It’s 6.09am on Christmas Eve. I’ve already been to the shop, to pick up the last bits. There are always “last bits”. Bits we never need on any other day of the year and can live without easily.
I came to the realisation, a while back, that part of the reason I’ve struggled for the last 18 months is lack of control. This just got worse during lockdown.
Every time I tried to get a routine going, something happened to upend it. Thats what I mean by lack of control. I don’t need total control over everything, just the ability to set my own agenda for certain things.
What to do about this? Its the small wins, pretty sure every self-help book talks about those. This is where I started. Simply by reading again. Gathering ideas, re-learning forgotten knowledge. Reminding myself what works.
What Works For Me
Every morning, for the last few weeks, I’ve been doing a combination of three approaches to goal setting and self-care.
This was the starting point. It invigorated me and gave me some fresh ideas, mixed with some I’d used to stop drinking. This kick-started a new morning routine of journalling.
This is what I end up with most days – I never thought I’d be doing stuff like this, but then I never thought I’d stop drinking either. Thats working out pretty good so far, so why not try different things.
Before I started those numbers were mostly 2 and 3. They also help target where I need to focus next.
A book I read years ago, but decided to re-visit. Lots I forgot. This helped me evolve the morning routine. I now have structure in the morning and have regained some control over a part of my life. I start each day in a good place now, which helps me cope with whatever happens after.
I’m not totally there yet with coping, but I am a lot better.
Sitting here a bit smug. Seeing the aftermath of the Prosecco drinking, so happy I didn’t drink any. It started with the fizz, then moved on to vodka. Yesterday, well, no one was much good for anything. Zombies have more life about them.
I won’t experiment with booze – some courses suggest doing so. I’d rather not. Seeing the effect it has on others is enough to make me realise I made the right choice.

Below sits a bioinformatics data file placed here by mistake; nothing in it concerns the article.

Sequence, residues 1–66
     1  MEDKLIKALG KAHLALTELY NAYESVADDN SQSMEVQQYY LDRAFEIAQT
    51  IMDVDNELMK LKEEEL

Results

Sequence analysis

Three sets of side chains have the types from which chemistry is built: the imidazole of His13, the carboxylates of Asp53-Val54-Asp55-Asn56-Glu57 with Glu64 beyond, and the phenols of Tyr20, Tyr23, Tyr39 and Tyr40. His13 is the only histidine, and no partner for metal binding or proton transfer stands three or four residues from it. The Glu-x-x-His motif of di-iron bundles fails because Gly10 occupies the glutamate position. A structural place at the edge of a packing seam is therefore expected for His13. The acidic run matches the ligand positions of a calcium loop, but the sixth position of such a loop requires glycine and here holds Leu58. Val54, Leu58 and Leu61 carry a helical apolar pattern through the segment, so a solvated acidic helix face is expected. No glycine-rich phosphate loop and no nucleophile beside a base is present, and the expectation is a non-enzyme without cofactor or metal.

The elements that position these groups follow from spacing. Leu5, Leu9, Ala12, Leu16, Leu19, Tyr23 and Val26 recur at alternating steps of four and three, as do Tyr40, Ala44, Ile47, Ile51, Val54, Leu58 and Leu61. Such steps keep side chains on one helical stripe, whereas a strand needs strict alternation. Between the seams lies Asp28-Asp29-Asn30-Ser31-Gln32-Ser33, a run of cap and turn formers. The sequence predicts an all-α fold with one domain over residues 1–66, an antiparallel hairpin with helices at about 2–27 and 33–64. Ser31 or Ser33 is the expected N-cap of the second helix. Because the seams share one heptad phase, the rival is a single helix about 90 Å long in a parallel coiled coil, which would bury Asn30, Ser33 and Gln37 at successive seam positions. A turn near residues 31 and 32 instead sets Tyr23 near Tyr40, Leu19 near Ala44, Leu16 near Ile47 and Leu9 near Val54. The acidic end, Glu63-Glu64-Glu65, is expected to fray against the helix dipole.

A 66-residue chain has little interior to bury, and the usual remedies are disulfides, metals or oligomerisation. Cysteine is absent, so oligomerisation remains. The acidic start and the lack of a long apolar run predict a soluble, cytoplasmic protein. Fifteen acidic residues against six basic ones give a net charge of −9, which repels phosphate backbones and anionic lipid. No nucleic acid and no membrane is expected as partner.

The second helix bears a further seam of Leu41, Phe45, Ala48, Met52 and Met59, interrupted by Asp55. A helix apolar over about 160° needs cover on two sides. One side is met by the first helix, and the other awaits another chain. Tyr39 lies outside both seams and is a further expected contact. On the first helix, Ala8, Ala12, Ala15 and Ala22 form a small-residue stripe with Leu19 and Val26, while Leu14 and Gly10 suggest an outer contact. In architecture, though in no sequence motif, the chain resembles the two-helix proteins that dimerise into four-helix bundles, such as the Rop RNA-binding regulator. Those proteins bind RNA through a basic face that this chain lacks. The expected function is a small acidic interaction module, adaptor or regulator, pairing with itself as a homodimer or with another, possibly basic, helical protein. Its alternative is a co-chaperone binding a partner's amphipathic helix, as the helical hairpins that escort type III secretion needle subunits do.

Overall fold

There wasn’t the temptation to say “I told you so”, they were suffering enough. Plus, being like that helps no one.
On another note. I realised this morning I woke up genuinely happy. That hasn’t happened in a very long time. It took a moment or two to realise what the feeling was – the realisation that I’ve been a miserable bugger to so long did put a chink in the armour lol.
It’s more that subdued “yay” happy rather than the fireworks ecstatic happy. But I’ll take it.
The first Christmas drink was opened last night. A bottle of Prosecco.
I was surprised at how much this tested my resolve not to drink.
The OYNB course does prepare us for these occasions. It was a case of mentally dipping in to one of these lessons.
For me, it was imagining the hangover in the morning. Luckily Prosecco gives me an evil hangover, so this exercise was easy. It was very easy to imagine the banging headache the dry mouth etc. Once that was fixed in my brain, there was no way I was drinking.
But I do need to be more prepared. Go back over the lessons and find other ways for future tests.
Other than this one moment, I am totally in the Christmas mood. Looking forward to the break, I think most will agree 2020 has been exhausting. I wish everyone could get a break.
During the week I post on the OYNB Facebook group, just random thoughts about how sober life is. It helps to be accountable. To hive mind problems and to get the feedback that I’m not alone – hopefully, some of the posts help others.
I thought I’d turn those daily thoughts in to blog posts – just mini posts.
Of course this is for purely selfish reasons. Christmas is coming up and I plan on staying sober. These mini posts will help give me another reason to, on top of the many I already have. You never know which plan b you need to help get through some situations – so the more the better.
Today we have this gem (written on sober day 66). For context, I tend to write these thoughts at about 4am wearing just underpants and socks. Recently I introduced a dressing gown – it was getting cold.
I’ve decided to go back to underpants and socks for my morning writing attire.
It’s my version of the Wim Hof Method. The door is open for the dog, its cold. It’s waking me up. It reminds me of when I had no choice but to be cold – when I was in housing with no heating (somehow this was a thing in the first two houses I rented/owned). Which I never want to go back to on a permanent basis – it was miserable. Also, no one needs to see a fat man shiver. I’m linking that mentally to alcohol and how miserable it made me. I don’t want to experiment with the booze – so I am finding alcohol free alternatives (as it were).